Henry Graves, Jr.
I have a new hero…and a new mystery!
Hamish did us a tremendous favor last July by introducing a new book, “A Grand Complication” by Stacy Perman (2013, Atria Books), and I promptly ordered my copy. To borrow from the description on the end flap; A Grand Complication is the fascinating story of the thrilling duel between two of the most intriguing men of the early twentieth century. Above all, it is a sweeping chronicle of innovation, the desire for beauty, and the lengths people will go to possess it. Those two men were Americans; industrialist James Ward Packard and financier Henry Graves, Jr., and it is the latter gentleman to whom I dedicate my opening line.
Ms. Perman has a solid reputation for popular writing, having worked for Business Week and Time, as well as exposé, with her bestseller “In-N-Out Burger” targeting the fast food industry. At this point, however, I must admit that I have not yet finished the book. I suspect many of you share my guilty habit and, upon receipt of a new manuscript of horological interest, you too immediately scan the index for mention of Vacheron Constantin. Typically, this practice is followed by selective reading and the inevitable distraction of what may be described as tangential enquiries. This is one such adventure.
What raised my enthusiasm for Mr. Graves was the means of his seduction from exclusive patronage of Messrs. Patek, Philippe & Cie into the embrace of la maison Vacheron et Constantin. Although Ward and Graves were famous for their predilections for ultra-complicated timepieces, Henry Graves, Jr., had a side interest in precision chronometers that may have been equally as compelling. So it was, according to Perman, that Graves, having secured a Patek Philippe watch that had been awarded a First Prize from the Geneva Observatory in 1925, had his satisfaction disturbed the following year upon reading that a tourbillon chronometer had been awarded a record score at Geneva. The winner was from the house of Vacheron & Constantin and Mr. Graves had to have it.
Enquiries were made, several letters were exchanged, and finally a meeting was arranged on July 13, 1928, at a hotel in Paris, where Charles Constantin himself handed the timepiece directly into the hands of Henry Graves, Jr., following an exchange of $1,000. The bespoke gold case (recall that trials watches were housed in simple brass and wood cases for competition) displayed a unique attribution upon the cuvette, as directed by the proud owner: Awarded First First Prize (866 Points) Geneva Astronomical Observatory Timing Contest 1927-28, No. 401562, Henry Graves Jr., New York, by Vacheron & Constantin, Geneva, Switzerland.
Suitably impressed with the quality of the timepiece and the gracious manner of the Manufacture, Graves later wrote to the maison to request that he be immediately informed should they ever make another chronometer which produced a better score.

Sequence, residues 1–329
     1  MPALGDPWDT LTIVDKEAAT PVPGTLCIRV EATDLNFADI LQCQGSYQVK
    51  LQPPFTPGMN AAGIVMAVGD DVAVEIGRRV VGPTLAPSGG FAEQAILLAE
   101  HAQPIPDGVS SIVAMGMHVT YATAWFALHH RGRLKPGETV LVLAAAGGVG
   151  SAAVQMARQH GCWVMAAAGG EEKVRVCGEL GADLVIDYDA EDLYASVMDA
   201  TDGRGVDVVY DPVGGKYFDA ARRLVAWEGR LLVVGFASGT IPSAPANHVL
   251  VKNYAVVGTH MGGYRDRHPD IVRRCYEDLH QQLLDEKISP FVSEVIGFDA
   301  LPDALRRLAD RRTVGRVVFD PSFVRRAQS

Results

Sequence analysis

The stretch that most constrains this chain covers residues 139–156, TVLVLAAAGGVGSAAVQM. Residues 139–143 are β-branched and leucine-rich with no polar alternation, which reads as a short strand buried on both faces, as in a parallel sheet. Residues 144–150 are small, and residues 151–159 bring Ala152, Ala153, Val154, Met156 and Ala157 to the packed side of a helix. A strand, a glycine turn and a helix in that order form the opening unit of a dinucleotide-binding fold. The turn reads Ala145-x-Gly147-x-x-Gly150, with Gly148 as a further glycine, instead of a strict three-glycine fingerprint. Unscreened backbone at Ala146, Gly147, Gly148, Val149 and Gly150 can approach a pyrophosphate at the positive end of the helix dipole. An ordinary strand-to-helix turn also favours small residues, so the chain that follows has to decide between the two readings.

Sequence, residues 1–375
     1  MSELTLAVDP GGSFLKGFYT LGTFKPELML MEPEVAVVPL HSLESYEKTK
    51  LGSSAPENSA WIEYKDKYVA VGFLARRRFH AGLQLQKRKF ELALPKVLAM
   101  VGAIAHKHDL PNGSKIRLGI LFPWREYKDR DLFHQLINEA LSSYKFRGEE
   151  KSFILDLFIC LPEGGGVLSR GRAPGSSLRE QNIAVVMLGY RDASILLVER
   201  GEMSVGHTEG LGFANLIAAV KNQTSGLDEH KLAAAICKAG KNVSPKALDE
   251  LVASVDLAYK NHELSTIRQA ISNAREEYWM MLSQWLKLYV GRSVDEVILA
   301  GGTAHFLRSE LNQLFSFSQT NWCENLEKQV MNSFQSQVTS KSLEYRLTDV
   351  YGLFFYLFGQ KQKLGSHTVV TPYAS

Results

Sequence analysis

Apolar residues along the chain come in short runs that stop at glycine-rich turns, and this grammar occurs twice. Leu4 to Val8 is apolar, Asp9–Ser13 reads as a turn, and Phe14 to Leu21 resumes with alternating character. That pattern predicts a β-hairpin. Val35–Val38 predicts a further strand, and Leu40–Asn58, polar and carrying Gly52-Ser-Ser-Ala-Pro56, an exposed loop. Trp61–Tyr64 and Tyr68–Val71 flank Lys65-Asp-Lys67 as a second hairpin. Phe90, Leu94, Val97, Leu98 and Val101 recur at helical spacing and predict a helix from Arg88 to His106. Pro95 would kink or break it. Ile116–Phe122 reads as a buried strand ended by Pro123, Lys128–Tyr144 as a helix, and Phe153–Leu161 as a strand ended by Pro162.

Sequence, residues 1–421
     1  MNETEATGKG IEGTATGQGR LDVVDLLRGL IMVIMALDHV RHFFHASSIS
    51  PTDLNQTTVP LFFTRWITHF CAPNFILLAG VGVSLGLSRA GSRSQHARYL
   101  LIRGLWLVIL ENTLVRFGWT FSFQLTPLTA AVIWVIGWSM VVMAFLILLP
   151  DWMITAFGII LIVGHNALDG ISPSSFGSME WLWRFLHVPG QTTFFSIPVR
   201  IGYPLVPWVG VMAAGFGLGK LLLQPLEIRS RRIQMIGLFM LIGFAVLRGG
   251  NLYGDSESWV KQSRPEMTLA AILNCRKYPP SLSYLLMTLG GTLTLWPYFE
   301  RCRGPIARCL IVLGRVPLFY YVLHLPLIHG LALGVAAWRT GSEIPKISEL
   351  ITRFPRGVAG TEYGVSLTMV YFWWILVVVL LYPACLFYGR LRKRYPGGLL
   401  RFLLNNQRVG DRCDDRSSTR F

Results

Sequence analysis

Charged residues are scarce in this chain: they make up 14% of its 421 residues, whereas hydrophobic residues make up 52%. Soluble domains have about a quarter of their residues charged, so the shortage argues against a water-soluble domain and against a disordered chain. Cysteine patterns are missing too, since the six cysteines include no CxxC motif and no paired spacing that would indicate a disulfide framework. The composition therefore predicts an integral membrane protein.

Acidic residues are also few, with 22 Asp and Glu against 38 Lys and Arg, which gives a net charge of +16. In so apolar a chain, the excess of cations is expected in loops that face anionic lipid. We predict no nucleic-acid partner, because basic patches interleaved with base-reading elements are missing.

Henry Graves, Jr., continued to add to his collection of Observatory chronometers apace with his complicated timepieces. This particular watch, his first Vacheron & Constantin, presents the first mystery gleaned from Perman’s book, for, having returned to New York with Mr. Graves, it faded into obscurity and the current whereabouts are unknown.
In fact, the relationship between Graves and Vacheron & Constantin would have remained unknown but for the discovery of the aforementioned correspondence with Graves in the archives of Vacheron Constantin. While Perman relates this history in her book, there was an earlier disclosure of the Graves letters by Nick Foulkes, author of the familiar book “High Society”, in the Financial Times Online that was shared with the Lounge in April of 2007. Here is a partial quote: Penned during the summer and autumn of 1928, a sheaf of yellowing letters written by Graves to Vacheron have lain unseen in Vacheron's archives for eight decades. That text actually appears to have been extracted from another article by Foulkes for QP Magazine titled The Ambassadors, where he reveals the discovery was related during lunch with Vacheron Constantin’s newly minted CEO Charlie Torres in 2006. This timeline is interesting for Henry Graves, Jr. and Vacheron Constantin were about to share the spotlight again.
You see, Ms. Perman encouraged another tangential enquiry with an entry on pg. 276 regarding a Vacheron & Constantin gold Observatory timepiece with 10 complications that may, or may not, have been owned by Henry Graves, Jr.
10 Complications and Just as Many Questions
Perman identifies the first auction appearance of this Vacheron & Constantin watch with 10 complications in 2002 at Sotheby’s in New York. Here I will refer directly to the October 22, 2002, catalog description: